The High Cost of Drunk and Drugged Driving

Super Bowl Sunday is a day synonymous with family friends, food, fun, football and parties.  As football, and Taylor Swift fans, prepare for all the fun, it’s important to consider a sobering reality: the alarming statistics of drunk and drugged driving incidents that cast a shadow over this festive occasion. Finkelstein & Partners emphasizes the importance of responsible choices to ensure the safety of everyone on the road during this popular event.

The Harsh Reality:

According to the National Highway Traffic Safety Administration every day in the United States an average of 37 people lose their lives in drunk-driving crashes, equating to one person every 39 minutes. Shockingly, in 2021 alone, 13,384 lives were lost in alcohol-impaired driving traffic deaths, marking a 14% increase from the previous year. These tragic deaths were entirely preventable.

The Impact of Alcohol and Marijuana on Driving Ability:

Alcohol is a substance that impairs crucial functions of the brain, such as thinking, reasoning, and muscle coordination – all essential skills for safe driving. As alcohol levels rise in a person’s system, the negative effects on the central nervous system intensify. Blood Alcohol Concentration (BAC) is a key measure, and at a BAC of .08 grams per deciliter (g/dL) of blood, the risk of a crash increases exponentially.

Even a small amount of alcohol can affect driving ability, leading to 2,266 deaths in 2021 related to crashes where a driver had a BAC of .01 to .07 g/dL. It’s important to note that driving with a BAC of .08 or higher is illegal in all 50 states. Even before you feel the first signs of intoxication, alcohol is already affecting your ability to divide attention and control your internal balance mechanism. When you are sober, these two factors help you drive smoothly and safely. Your ability to divide attention normally helps you keep track of other vehicles, pedestrians, and traffic conditions around you. Dampening your natural ability to divide attention impairs your capacity to concentrate on two or more tasks, such as checking the rear view mirror while also steering. One of the most dangerous aspects of alcohol is that the more you consume, the less you are able to determine what effect the alcohol is having on you!

The first thing affected after drinking alcohol is your judgment ─ so you may think you can drive safely when you can’t.

  1. Alcohol also affects your vision and reduces your alertness.
  2. Alcohol affects you differently at different times. If you are upset, overtired, or have an empty stomach, drugs or alcohol will probably have a stronger effect on you.
  3. The amount of alcohol in a 1.5-oz shot of 80 proof liquor, a 5-oz glass of wine and a 12-oz beer is all the same. Beer is the most common drink consumed by people stopped for alcohol-impaired driving or who are involved in alcohol-related crashes. When you have consumed a specialty drink like a Long Island Ice Tea (which has multiple shots of at least an 80-proof alcoholic beverage), you have just consumed four regular drinks at one time.
  4. Alcohol appears to act as a stimulant and provokes a sensation approaching euphoria, which makes drinkers wrongly assess their capabilities, taking risks they never would have taken when sober. Alcohol also acts like an anesthetic. It suppresses or reduces perception; disrupts the faculties; and, above all, slows down reflexes.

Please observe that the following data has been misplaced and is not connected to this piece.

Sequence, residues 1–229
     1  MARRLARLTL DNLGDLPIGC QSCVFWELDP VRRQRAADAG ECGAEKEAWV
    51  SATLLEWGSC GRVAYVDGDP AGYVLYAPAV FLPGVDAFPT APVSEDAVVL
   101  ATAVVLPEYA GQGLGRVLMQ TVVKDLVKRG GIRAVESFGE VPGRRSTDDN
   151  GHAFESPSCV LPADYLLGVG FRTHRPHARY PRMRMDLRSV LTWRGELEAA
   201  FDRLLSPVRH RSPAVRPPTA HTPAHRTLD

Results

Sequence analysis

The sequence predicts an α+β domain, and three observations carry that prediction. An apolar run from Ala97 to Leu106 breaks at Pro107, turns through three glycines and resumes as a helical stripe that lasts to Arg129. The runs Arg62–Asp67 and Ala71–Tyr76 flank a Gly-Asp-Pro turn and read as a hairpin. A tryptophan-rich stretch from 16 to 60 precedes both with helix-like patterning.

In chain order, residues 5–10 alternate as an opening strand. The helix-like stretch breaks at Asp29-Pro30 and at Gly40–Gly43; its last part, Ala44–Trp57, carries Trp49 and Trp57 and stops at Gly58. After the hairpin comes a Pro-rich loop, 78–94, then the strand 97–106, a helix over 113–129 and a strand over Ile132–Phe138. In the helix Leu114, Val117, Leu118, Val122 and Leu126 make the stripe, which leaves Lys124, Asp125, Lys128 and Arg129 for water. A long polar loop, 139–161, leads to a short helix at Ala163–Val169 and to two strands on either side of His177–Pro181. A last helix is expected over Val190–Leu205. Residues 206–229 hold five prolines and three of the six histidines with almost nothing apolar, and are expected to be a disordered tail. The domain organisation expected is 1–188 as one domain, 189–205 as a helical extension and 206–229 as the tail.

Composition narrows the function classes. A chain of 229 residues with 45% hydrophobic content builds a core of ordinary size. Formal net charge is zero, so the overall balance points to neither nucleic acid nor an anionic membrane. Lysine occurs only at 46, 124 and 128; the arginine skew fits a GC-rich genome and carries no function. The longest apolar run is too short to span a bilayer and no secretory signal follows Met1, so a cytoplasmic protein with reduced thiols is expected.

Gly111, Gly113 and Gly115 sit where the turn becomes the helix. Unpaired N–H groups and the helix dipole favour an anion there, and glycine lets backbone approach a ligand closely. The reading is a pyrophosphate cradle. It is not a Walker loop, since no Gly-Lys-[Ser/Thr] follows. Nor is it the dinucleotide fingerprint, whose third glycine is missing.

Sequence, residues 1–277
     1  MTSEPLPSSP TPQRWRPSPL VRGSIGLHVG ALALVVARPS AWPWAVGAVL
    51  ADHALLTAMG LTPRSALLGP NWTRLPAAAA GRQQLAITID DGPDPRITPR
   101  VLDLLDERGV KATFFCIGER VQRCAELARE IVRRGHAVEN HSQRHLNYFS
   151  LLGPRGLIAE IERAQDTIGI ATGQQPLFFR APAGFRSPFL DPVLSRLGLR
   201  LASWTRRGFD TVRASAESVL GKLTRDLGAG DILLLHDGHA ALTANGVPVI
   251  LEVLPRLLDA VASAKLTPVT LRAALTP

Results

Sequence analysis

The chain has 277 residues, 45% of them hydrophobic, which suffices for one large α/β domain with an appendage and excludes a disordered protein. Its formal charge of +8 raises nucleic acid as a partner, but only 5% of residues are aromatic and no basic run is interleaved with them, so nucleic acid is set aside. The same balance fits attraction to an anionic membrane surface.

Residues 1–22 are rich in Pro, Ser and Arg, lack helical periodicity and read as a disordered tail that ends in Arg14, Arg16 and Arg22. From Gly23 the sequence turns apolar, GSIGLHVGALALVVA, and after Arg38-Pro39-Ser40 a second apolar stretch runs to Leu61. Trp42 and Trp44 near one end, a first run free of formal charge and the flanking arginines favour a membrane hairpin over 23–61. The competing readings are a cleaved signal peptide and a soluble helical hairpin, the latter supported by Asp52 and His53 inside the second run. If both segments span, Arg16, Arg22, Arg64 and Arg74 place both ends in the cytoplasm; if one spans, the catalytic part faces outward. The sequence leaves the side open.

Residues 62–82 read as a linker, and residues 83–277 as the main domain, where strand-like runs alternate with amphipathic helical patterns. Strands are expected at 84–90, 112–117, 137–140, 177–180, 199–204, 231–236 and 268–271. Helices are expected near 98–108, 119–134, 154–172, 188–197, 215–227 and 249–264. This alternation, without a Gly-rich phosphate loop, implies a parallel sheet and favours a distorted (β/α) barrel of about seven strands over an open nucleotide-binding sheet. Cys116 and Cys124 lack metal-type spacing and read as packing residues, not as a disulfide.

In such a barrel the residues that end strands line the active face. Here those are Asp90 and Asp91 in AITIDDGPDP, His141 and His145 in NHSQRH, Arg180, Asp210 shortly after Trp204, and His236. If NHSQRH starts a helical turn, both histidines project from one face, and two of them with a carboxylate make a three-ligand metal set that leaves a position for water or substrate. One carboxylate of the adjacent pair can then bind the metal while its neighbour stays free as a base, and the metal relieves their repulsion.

5. In a review of studies of alcohol-related crashes (including reaction time, tracking ability, concentrated attention ability, divided attention performance, information process capability, visual functions, perceptions, and psychomotor performance), impairment was significant at blood alcohol concentrations of 0.05. The ability to steer a car, maintain the correct lane position without weaving, and make turns properly is impaired even at levels below 0.05.

Smoking or consuming marijuana edibles, now legal in NY, has a similar degrading effect on drivers. To learn more read our blog.

The Legal Consequences:

Driving under the influence is a dangerous crime, and tough enforcement of drunk-driving laws has been crucial in reducing fatalities since the 1980s. Penalties for impaired driving can range from misdemeanors to felony offenses, with consequences including driver’s license revocation, fines, and jail time. A first-time offense can cost a driver upwards of $10,000 in fines and legal fees.

Preventing Drunk Driving:

Being a responsible driver is a simple but powerful commitment. Finkelstein & Partners offers the following tips to ensure a safe Super Bowl Sunday:

  1. Plan your safe ride home before the party begins.
  2. Designate a non-drinking friend as your driver.
  3. If someone you know has been drinking, prevent them from driving by taking their keys and helping them arrange a sober ride home.
  4. If you’ve been drinking, do not drive for any reason – call a taxi, a ride-hailing service, or a sober friend.
  5. If hosting a party with alcohol, ensure guests have a sober driver.
  6. Always wear your seat belt – it’s your best defense against impaired drivers.
  7. If you witness an impaired driver on the road, contact local law enforcement – your actions could save a life.

While Super Bowl Sunday is a time for celebration, it’s crucial to prioritize safety on the roads. Finkelstein & Partners urges everyone to make responsible choices, emphasizing that preventing drunk-driving incidents is within our control. By following these guidelines, we can collectively contribute to safer roads and protect our communities from the devastating consequences of impaired driving.